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Article Hindi

15 years of Bunty Aur Babli (2005): A life of crime fuelled by small-town ambitions

Portraying a glamorized, easy life of crime, the film inspired some people to commit crimes in real life, much to their detriment.

Sukhpreet Kahlon

Long before small towns started to feature prominently in Hindi films as they do today, there was Shaad Ali’s Bunty Aur Babli (2005), with a unique story by Aditya Chopra and screenplay by Jaideep Sahni. The film begins by telling us about the two Indias that exist — one a dream and the other, reality — as it takes us to small, forgotten towns where there is desire and ambition to spare but precious few avenues to realize them.

Rakesh (Abhishek Bachchan) and Vimmi (Rani Mukerji) are young with stars in their eyes and desperate to escape their dusty, nondescript towns that have no room for their aspirations. They set out to accomplish their dreams with earnestness but soon realize that the world is too crooked a place for their straightforward ambitions. So they decide to become crooked themselves and make their way to Mumbai by hoodwinking and impersonating people, stealing from them, and engaging in all kinds of petty crime.

Soon, the police, with JCP Dashrath Singh (Amitabh Bachchan) heading the team, is hot on their heels, determined to bring them to justice. But by the time Dashrath Singh catches them, they have already decided to give up a life of thieving. Being a police officer who never once wears his official uniform but has a heart of gold, he is taken by their earnestness and cannot bring himself to arrest them.

Three years later, we find Vimmi and Rakesh as model citizens, but they are bored to tears. Rakesh pleads with Dashrath Singh, “Humein iss izzat aur sharafat ki zindagi se bacha leejiye, please [Please rescue us from this humdrum life of dignity and respect] while Vimmi says she will die if she has to make another jar of mango pickle! Thus they go back to living an exciting life, but this time working for the law rather than against it.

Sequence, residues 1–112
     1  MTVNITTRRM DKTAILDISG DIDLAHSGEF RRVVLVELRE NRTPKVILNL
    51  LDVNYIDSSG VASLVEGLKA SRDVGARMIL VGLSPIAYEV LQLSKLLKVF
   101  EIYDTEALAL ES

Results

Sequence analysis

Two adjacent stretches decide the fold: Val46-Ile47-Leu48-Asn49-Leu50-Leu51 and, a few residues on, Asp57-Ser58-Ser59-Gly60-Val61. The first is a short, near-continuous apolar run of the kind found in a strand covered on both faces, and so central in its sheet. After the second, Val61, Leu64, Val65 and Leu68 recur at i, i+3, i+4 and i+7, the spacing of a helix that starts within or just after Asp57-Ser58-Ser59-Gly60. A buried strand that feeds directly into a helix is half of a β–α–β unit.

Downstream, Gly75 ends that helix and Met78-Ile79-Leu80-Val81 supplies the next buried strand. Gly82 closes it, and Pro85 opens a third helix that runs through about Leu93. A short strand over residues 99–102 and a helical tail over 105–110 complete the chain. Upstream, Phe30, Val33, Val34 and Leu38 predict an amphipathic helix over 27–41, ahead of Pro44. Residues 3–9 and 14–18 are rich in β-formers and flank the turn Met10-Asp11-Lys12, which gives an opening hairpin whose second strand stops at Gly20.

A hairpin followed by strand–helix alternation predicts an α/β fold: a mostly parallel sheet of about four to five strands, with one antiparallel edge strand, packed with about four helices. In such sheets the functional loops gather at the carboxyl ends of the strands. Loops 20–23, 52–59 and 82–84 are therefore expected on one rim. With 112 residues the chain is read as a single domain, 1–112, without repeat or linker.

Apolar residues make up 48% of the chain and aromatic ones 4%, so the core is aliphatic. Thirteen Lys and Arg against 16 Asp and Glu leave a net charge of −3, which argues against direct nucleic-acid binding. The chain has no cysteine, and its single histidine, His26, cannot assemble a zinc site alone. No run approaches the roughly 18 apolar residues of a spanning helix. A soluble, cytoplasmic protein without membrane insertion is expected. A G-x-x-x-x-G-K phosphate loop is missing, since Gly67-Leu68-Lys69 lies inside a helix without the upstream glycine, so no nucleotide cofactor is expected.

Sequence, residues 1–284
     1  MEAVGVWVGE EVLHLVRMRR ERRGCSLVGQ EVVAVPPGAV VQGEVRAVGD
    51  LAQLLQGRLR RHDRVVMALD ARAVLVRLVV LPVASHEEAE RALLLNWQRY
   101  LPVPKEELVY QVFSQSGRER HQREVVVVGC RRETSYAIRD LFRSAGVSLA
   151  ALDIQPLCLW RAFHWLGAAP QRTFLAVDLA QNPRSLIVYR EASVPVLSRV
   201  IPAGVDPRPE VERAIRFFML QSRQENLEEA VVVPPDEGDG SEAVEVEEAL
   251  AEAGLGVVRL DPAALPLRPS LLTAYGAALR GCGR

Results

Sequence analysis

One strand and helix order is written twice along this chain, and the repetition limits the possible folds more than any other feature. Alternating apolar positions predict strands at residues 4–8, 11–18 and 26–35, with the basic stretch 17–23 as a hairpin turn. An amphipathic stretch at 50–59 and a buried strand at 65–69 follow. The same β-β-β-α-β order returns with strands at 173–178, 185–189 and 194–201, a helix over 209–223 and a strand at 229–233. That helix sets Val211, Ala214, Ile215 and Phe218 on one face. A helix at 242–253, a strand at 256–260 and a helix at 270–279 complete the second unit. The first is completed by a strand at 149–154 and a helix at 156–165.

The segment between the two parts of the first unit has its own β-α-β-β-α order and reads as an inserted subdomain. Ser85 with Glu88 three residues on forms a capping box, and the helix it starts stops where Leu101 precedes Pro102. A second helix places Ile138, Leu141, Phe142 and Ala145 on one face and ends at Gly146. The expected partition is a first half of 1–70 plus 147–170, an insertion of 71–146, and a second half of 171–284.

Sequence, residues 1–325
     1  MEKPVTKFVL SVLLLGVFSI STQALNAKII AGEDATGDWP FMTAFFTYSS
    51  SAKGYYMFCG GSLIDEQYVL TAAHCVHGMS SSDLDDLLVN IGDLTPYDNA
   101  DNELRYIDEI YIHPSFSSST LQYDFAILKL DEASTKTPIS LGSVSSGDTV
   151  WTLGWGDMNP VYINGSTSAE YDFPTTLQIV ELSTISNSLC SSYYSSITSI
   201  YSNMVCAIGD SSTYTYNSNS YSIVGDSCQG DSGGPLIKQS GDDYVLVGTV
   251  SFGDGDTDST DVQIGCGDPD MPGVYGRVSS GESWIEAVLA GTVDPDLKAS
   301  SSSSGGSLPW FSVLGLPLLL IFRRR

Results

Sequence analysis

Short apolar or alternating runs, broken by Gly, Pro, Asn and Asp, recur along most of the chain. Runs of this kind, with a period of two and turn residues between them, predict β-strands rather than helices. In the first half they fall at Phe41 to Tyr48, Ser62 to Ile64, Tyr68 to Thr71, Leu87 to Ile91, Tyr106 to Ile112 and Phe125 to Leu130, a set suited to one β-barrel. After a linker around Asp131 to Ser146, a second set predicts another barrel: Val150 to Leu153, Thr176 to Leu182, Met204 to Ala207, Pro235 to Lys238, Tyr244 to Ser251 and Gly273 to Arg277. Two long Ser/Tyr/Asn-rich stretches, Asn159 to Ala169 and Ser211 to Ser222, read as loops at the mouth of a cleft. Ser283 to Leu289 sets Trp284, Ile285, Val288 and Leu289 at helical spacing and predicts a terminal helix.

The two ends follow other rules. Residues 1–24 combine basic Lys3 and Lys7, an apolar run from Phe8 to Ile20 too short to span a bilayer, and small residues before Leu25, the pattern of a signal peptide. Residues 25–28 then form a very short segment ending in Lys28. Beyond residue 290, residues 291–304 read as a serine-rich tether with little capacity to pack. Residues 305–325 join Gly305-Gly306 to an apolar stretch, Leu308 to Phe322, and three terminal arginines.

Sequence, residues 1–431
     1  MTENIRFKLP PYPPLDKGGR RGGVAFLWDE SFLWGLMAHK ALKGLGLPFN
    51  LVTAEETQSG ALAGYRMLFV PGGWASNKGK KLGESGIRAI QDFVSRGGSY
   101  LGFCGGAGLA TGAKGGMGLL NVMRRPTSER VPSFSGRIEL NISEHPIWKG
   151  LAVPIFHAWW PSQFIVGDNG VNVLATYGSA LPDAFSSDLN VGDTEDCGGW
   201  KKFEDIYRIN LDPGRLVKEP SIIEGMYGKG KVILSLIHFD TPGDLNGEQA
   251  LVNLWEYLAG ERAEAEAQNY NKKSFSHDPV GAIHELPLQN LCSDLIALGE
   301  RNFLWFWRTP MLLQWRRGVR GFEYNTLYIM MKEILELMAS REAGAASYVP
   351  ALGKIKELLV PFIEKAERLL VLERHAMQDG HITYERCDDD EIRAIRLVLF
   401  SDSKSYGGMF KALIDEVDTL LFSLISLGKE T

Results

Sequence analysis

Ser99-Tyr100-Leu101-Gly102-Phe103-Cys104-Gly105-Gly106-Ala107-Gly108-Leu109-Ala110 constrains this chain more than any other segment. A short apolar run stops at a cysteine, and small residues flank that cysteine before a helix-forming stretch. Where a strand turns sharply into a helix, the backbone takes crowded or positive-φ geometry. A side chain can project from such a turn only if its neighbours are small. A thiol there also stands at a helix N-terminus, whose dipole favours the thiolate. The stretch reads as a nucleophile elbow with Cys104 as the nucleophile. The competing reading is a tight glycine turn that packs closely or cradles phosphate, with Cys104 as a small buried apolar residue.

While the film is mostly fun and games, the two young people conning their way through life are seen as essentially innocent do-gooders, who are delighted when they hear their names making the news and start creating trouble just for fun. They disobey their parents, run away from home, steal people’s money, engage in elaborate impersonation to rob people of more money, all because they want to make their mark and achieve their ambition.

But what is this ambition? It is simply to wear fancy clothes, drive expensive cars, live in luxurious hotels and consume the things that they have seen on television but can't have in real life. At one point Rakesh admits that he doesn’t really have it in him to be a successful industrialist, but they are still enamoured with that lifestyle, like countless people who are constantly reminded about the things they do not have access to. Vimmi and Rakesh don't think about the consequences of their actions unless there is something at stake for them, and even when they get arrested, they get a free pass!

The film was a big hit and swept awards with 'Kajra Re' becoming a permanent fixture on the airwaves for a long time, but there was another less mentioned impact of the film — it inspired some couples to emulate the pair and commit crimes, 'Bunty Aur Babli' style. Well, they found out that some things are only possible in the movies when they were soon nabbed by the real police.